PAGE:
Siberia Racing
Tech Pages

Maxtrax & Thunder-Jets

The following article discusses "The Setup" and driving style for a Fray style T-jet at CRR and the proper cleaning technique for the Maxtrax racing surface.

The rails on a Maxtrax are made of a magnetic stainless steel. This has some advantages as the use of this type of steel means that the rails will not oxidize (e.g. rust) anywhere near as fast as conventional track. However, there is a downside. The rails act a bit differently than conventional steel rail and the pickups require a bit more tender loving care. The problem effects all cars but hits T-jets especially hard.

The Problem

The flow of electric current through the car causes an arc between the pickup shoes and the track. The arc follows the flow of current. The effect of the arc can be easily seen in the faster cats (i.e. Tyco, Super G+, Panther & Patriot). In these cars one pickup tends to wear much faster than the other. The other (non-wearing) pickup tends to pickup a white or gray deposit. I refer to these as the wear and burn side pickups. What is actually happening here is that the arc vaporizes a minute amount of metal and this metal is being transferred from the rail to the car on the burn side and from the car to the rail on the wear side

The material transmitted from the pickup to the track causes the wear. This pickup shoe rarely has problems as it is kept clean and it gets no deposit from the track. The burn side pickup is an entirely different story. On a conventional track, the deposit on the burn side pickup is white or a light gray and is conductive. On a Maxtrax the burn side deposit is black and is non-conductive. In other words, the burn side pickup tends to insulate itself as time goes on. Left uncontrolled, a T-jet will eventually stop as the buildup blocks the flow of current causing the car to initially cut out in certain track sections. Eventually the car will stop completely as the buildup totally blocks the flow of current. Cleaning helps but what really works is careful pickup tuning, polishing and coating the pickup after cleaning with an anti-oxidant.

Minimizing the Problem

The problem can be sufficiently minimized so that it is not an issue. The pickup must first be adjusted so that it contacts the rail along its entire length. Not just at a point. This is not as easy as it sounds as some cars lift the front tires and ride the pickups down the straight. Careful observation and many minute adjustments are necessary to get the pickups tuned properly. My favorite tool for this is a small flat bladed screwdriver. I have found that a track section. a keen eye, a screwdriver and slight bit of pressure is all that is necessary to dial a fresh pair of pickups in. A pair of pliers is much too big of a weapon and can ruin a set of T-jet pickups so fast you just won't believe it.

I polish the pickups after tuning and periodically between races with 400 - 600 grit sandpaper. The polishing completely removes any small nicks resulting from the tuning process. Polishing also completely removes any oxidation.

After polishing put a light coat of Rail Zip on the shoes and you are ready to go. Rail-Zip is a red anti-oxidant coating that was developed for the model railroad industry. They have a similar problem and these guys have developed a product that really works!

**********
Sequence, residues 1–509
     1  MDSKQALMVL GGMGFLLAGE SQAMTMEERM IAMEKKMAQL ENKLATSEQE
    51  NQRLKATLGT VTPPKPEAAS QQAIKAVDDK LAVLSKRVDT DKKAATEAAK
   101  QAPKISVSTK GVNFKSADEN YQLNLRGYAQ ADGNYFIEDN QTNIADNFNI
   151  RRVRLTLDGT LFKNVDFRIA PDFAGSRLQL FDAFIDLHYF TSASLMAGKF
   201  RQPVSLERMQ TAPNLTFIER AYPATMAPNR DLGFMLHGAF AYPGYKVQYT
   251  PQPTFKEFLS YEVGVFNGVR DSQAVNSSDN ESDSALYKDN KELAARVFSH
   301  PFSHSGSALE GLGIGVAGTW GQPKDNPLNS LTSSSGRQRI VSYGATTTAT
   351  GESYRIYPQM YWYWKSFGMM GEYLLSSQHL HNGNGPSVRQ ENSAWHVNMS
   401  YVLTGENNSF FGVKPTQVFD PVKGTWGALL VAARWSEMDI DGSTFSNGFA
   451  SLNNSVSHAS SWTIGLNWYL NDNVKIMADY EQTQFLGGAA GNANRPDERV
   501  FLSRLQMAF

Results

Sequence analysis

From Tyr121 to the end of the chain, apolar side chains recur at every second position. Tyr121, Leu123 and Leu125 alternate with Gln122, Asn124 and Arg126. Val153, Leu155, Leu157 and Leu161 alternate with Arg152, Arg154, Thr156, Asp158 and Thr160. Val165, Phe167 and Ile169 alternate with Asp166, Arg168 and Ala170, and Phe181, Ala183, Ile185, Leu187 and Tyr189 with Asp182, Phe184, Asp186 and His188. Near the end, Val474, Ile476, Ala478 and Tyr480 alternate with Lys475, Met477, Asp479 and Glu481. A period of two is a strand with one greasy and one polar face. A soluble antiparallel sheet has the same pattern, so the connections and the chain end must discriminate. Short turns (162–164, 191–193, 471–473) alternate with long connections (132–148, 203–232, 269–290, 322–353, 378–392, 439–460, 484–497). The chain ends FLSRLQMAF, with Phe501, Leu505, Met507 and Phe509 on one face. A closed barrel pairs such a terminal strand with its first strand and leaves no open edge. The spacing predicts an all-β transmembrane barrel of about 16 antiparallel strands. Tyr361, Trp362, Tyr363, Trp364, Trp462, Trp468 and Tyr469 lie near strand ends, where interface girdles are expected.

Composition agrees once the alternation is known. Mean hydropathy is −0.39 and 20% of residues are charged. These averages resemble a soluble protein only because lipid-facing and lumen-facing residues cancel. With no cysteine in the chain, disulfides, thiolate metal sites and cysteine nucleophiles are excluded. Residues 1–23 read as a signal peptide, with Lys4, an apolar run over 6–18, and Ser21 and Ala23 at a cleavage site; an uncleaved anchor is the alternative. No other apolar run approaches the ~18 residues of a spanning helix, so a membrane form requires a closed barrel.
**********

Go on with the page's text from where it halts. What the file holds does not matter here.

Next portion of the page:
Clean the pickups after practice or after each heat or segment. If the buildup is heavy I have found that a drop of CRC 2-26 contact cleaner on the shoes before cleaning tends to break it up so it comes off easy.  I use a battery powered Dremel with an abrasive rubber buffing wheel. I have found that wire brushes don't adequately remove the residue and that grinding stones are way too intense.  A light buffing is all that is required.  Grinding stones or engraving bits can wreck the tuning and create groves and places for the build up to occur. What works best is a well tuned, smooth, polished pickup.

After each race or practice session buff the pickups clean with the Dremel,  reapply a light coat of Rail Zip and you are ready to go again.

Is all this really necessary? Before I found out how to prep the track and cars I could only turn 3-10 laps with some Fray cars between cleanings. My best cars would go 3-4 minutes but none of them would go a race distance without problems. I can now can run a T-jet 15-20 minutes without pickup problems. I personally don't clean the pickups after every segment.  Now I lightly buff the pickups with the Dremel every other segment.  After a race I first buff the pickups and then apply a coat of Rail Zip as described above.

CRR's T-Jet Setup

Every track has it's unique setup.  The setup is that particular combination of tires, magnets, etc. that make the car work.  What works at one track may not work elsewhere.  Some T-jet tracks require a lot of handling as the car is constantly in a series of turns.  Others require speed and brakes.  A good combination of both is the best.  CRR likes a car with big acceleration and brakes.  Corning speed is important but not as significant as it is at some other tracks as CRR has a lot of 180 degree hairpins and, with the exception of the M&M turns, CRR is very much a timing track. 

Any good low-low profile tire on 0.225" - 0.230" rims work well here. The Hobby Pro 0.177" "Tuff One" rear rims work well too.